A Jewish Perspective on Miscarriage and Stillbirth

A Jewish Perspective on Miscarriage and Stillbirth

A Jewish Perspective On Stillbirth


By hashgacha pratis (Divine Providence) the deadline for this article was around the time of the anniversary of my own miscarriage three years ago.  I planned it and wrote and rewrote the article in my head, revising it for months.  As the deadline loomed near, I found that I couldn't write; there was a barrier: the emotions buried under the surface that I didn't want to release and feel.  I waited until the time of year passed that marked the anniversaries of the dates I found out the pregnancy wasn't viable, the date the bleeding started, the date the labor began and I delivered my empty egg sac, the date the after-birth contractions ended.  It wasn't until after that time had passed that I finally felt ready to unearth the words I had long ago written to assuage my own feelings along with the pain of others deep emotional wounds.

Healing is an ongoing process.  Even when we feel we are finished with our mourning and our acceptance, there can still be times when we revisit the deep pains of our loss.  Indeed, one of my friends, who has also experienced miscarriage, said that she was told that women have "wells of tears" and sometimes they overflow and that they need to do so.  I can certainly attest to that!

May you never need to know this information, but if you do, may it bring you comfort or help you comfort a friend.

When G-d created the world, He left some things for us to do in order to complete creation.  Every person, in fact, every soul in the world has its own special mission to do in order to fulfill its purpose in the world and to help complete it.  We do not always know what our mission is; rarely do we know for sure.  Yet, everyone has their own special mission.  For some it may be a dramatic contribution to the world of medicine, such as discovering the cure for a disease, or a major contribution to the field of education, or an artist's great masterpiece, or a moment of quiet and serenity as someone restores peace and order to chaos.

For some, their special mission may be relatively undramatic but nevertheless essential to the interconnectedness of the world.  It could be as simple as passing a tissue to someone in tears, helping someone cross the street, listening to someone cry, applauding the lecturer who needs recognition, smiling at someone who has no smiles of their own.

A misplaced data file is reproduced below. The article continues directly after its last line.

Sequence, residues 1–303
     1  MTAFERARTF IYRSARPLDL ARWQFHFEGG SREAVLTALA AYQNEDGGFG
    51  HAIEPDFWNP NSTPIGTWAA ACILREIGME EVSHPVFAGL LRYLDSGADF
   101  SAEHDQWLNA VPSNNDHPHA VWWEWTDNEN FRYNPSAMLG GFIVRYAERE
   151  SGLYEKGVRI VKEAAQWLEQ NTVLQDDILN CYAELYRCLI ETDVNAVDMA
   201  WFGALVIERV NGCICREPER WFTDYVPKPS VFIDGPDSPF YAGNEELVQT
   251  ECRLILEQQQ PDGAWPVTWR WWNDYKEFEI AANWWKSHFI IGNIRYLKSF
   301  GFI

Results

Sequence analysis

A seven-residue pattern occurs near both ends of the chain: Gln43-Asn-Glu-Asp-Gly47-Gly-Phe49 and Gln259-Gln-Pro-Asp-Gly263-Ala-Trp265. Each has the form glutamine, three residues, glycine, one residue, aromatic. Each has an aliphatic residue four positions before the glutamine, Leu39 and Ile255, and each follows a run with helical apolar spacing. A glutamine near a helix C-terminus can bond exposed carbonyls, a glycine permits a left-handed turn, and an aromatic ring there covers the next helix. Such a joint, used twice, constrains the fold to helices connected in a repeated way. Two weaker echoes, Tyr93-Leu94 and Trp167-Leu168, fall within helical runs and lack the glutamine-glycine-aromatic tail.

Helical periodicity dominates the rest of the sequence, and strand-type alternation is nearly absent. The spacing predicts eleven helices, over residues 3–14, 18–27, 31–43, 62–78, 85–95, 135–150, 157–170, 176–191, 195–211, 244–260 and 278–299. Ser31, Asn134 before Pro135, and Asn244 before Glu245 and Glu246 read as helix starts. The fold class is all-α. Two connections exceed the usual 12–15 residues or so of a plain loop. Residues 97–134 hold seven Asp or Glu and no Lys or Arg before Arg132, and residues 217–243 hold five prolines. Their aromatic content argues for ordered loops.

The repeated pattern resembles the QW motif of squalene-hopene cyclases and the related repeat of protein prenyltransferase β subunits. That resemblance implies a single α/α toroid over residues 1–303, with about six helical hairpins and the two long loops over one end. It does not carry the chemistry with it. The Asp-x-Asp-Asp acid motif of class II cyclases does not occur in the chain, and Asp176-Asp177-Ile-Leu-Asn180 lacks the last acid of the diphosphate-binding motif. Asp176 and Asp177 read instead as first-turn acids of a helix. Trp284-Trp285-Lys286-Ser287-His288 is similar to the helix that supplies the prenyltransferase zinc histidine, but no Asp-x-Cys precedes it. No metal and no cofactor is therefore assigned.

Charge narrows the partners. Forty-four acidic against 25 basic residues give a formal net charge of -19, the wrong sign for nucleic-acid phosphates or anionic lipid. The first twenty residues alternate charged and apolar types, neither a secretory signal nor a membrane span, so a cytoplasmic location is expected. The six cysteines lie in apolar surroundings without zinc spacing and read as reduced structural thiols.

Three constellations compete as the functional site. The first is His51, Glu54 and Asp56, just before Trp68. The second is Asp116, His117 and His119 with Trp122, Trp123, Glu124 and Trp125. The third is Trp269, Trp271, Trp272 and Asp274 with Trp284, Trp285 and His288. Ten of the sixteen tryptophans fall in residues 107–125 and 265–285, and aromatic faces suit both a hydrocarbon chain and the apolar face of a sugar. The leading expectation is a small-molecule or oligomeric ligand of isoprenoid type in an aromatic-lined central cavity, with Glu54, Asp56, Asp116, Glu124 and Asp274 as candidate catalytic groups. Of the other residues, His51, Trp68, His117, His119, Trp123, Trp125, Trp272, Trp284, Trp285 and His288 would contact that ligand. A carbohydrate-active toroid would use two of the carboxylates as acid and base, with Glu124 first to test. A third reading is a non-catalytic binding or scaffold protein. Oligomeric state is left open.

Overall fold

All the special missions are essential for the completion of G-d's plan for the world.  Some special missions take a lifetime to fulfill; some are actually fulfilled while in utero and the soul need not even enter the physical world. Our tradition teaches us that not all souls have bodies.  Every time a married couple unites together, they create a soul.  Some souls enter the world in a physical form; others are so pure and righteous that their mission is fulfilled just by being created or during a short duration in the womb.  While in the Womb, the soul is taught Torah with his/her own special teacher, an angel of G-d.  The womb is a private house of study for special learning.  Just before birth, the soul forgets the Torah learned and endeavors to relearn it after birth. 

A soul who completes its mission in utero or soon after birth is a very pure soul and it is a special merit for the couple that they were chosen to bring this soul into the world.  When our righteous Moshiach comes, these souls will recognize and reunite with their parents.  Even though the parents endure real pain and loss, it is a blessing to have merited to have such a pure soul within one's womb for however short or long a time.

But this explanation feels incomplete to me.  My husband and I suffered a loss.  Every parent who conceives a child who does not live to be born feels a tremendous sense of loss and pain and feels a strong sense of something missing.  I miss the pregnancy, I miss the baby, I miss the baby's Torah learning within my womb, I miss the angel, and I miss the cherished dream of birthing that baby in September and raising him or her lovingly with my husband.  I miss being treated like a pregnant, expectant mother, I miss the treasured sharing of the expectation with my husband I miss the staff at the fertility clinic, I miss confiding in my mom and sisters and close friends, I miss being able to tell everyone that I was pregnant.  I miss the baby.

Knowing what I do about Jewish wisdom comforts me and encourages me.  I still feel the pain, I still feel the loss. Yet I know that this was G-d's will.  The little soul who learned Torah within my womb is a special soul and I was blessed to have that soul within me, and how I miss that soul.

Acknowledging someone's pain and letting them cry is one of the greatest gifts a person can give.  It helps the missing not hurt as much.

Within a year after my miscarriage, indeed, before our original due date-   I became pregnant again.  Even though my healing and acceptance had begun well before I became pregnant again, the hope of a new baby certainly helped heal the emotional wounds.

I gave birth very happily and healthfully to a baby boy, whom we named Tuvia, which means goodness of G-d, or G-d is good.  He is named symbolically for my father and my husband's father, may their memories be for a blessing; also in honor of several rabbis; and to give appreciation to Hashem for all of His blessings, and for all the challenges and seeming obstacles on our path towards the blessings.  We are grateful to Hashem not only for the blessings, but also for the journey.  I can let go of the pain of the past as I embrace the future with love, hope, prayer and thanks.

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